Talking About Emotions

Helpful Hints for Talking About Emotions

Managing strong emotions can be difficult for many children, but this can be especially challenging for kids with sensory processing difficulties.

Think about how you perceive emotions. How do you tell the difference between being embarrassed and angry? Nervous or excited? There are subtle differences in the way these emotions physically feel. Both angry and embarrassed may result in a flushed face, but angry may lead to an increase in your heart rate, while embarrassed may lead to a “sinking” feeling in your stomach.

Some children with sensory processing difficulties have a high threshold for noticing touch, movement or other sensory inputs. They may not interpret the first physiological signs of an emotion until the emotion is quite intense. Other children are extremely sensitive to such sensory input, and may become distressed by the physical implications of emotions. Either way, children with sensory processing difficulties can have a hard time accurately interpreting internal and external sensations involved with emotion.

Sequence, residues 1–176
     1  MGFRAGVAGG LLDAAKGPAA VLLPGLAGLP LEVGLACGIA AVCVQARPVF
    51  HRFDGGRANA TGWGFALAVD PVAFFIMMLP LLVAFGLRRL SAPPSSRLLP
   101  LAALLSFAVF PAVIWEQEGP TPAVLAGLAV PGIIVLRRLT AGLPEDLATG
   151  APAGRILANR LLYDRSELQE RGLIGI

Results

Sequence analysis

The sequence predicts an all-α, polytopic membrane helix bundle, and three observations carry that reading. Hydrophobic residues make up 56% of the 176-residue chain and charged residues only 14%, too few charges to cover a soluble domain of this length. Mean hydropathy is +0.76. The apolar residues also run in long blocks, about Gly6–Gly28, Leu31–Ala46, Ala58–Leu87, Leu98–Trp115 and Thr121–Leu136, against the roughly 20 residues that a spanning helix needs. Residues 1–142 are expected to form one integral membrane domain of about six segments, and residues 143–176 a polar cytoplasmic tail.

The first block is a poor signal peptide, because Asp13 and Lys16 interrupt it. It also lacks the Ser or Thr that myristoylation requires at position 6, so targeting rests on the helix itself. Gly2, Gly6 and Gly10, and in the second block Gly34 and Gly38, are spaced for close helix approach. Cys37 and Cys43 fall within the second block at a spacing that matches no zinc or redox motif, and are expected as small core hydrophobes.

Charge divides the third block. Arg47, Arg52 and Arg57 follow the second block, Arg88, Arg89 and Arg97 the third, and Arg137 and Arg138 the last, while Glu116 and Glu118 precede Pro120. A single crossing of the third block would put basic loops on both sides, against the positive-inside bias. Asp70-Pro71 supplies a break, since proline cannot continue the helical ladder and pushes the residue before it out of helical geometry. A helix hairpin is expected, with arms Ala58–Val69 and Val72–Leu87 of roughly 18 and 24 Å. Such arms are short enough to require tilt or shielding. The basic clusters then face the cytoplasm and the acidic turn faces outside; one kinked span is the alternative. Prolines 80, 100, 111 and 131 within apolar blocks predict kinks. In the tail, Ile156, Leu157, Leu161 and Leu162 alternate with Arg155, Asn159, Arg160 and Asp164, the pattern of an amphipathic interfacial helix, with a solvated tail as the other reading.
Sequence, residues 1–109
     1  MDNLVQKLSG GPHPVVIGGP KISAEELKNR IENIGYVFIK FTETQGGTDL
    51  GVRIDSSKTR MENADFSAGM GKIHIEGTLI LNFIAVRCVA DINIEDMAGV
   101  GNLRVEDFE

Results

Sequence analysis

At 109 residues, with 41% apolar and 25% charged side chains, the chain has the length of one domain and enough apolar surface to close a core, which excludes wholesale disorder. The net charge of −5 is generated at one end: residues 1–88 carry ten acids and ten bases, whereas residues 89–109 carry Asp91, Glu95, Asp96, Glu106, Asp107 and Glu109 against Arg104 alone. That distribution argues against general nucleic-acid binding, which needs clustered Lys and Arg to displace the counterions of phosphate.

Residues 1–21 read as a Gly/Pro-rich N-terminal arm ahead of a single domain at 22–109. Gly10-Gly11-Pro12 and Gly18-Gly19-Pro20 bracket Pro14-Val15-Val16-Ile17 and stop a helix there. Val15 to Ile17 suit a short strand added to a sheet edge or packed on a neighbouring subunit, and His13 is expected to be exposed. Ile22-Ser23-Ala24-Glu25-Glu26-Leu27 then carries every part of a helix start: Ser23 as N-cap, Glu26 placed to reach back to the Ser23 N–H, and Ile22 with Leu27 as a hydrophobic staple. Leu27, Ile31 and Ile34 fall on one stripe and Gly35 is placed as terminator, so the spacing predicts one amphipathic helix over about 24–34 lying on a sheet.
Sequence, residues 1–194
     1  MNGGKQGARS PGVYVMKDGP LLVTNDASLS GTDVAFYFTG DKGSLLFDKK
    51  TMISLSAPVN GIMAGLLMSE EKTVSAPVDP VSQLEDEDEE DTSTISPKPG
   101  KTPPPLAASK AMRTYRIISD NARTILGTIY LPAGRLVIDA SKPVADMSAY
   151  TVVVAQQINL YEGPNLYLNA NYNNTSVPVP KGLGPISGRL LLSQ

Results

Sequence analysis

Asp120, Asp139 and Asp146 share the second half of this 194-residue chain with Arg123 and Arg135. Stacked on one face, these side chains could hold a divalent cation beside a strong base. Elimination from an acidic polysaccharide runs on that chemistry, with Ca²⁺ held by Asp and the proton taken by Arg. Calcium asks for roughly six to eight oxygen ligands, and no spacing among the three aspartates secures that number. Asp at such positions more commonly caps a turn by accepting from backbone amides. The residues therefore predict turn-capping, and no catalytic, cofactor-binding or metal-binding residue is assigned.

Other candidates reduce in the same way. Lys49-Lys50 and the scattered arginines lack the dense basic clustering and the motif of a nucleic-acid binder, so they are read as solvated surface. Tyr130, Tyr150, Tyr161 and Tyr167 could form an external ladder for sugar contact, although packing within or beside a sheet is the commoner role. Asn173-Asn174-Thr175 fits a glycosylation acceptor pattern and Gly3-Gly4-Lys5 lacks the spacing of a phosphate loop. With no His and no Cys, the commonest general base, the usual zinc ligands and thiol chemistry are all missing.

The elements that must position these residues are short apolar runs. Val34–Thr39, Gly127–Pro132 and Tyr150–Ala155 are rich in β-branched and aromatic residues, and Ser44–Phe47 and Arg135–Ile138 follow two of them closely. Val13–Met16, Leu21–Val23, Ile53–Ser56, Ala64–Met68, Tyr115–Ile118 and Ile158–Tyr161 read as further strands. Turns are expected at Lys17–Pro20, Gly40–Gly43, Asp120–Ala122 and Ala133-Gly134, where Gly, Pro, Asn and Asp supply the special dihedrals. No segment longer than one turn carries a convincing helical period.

So what can you do?

  • Talk about emotions. Name your own emotions specifically: “I feel anxious right now, I’m worried we might be late.”
  • Talk about how emotions physically feel: “When I feel anxious, my tummy feels jumpy and I have a hard time holding still”.
  • Look at pictures that show different emotions, as well as different levels of emotion. Does the boy in the picture look bored? Tired? Exhausted? Does the girl look annoyed? Angry? Furious? Look through magazines or clip art online to find pictures to use.
  • Help your child give a name to emotions before they get too big to handle. In the middle of a meltdown, your child is not going to be able to take in and process new information.

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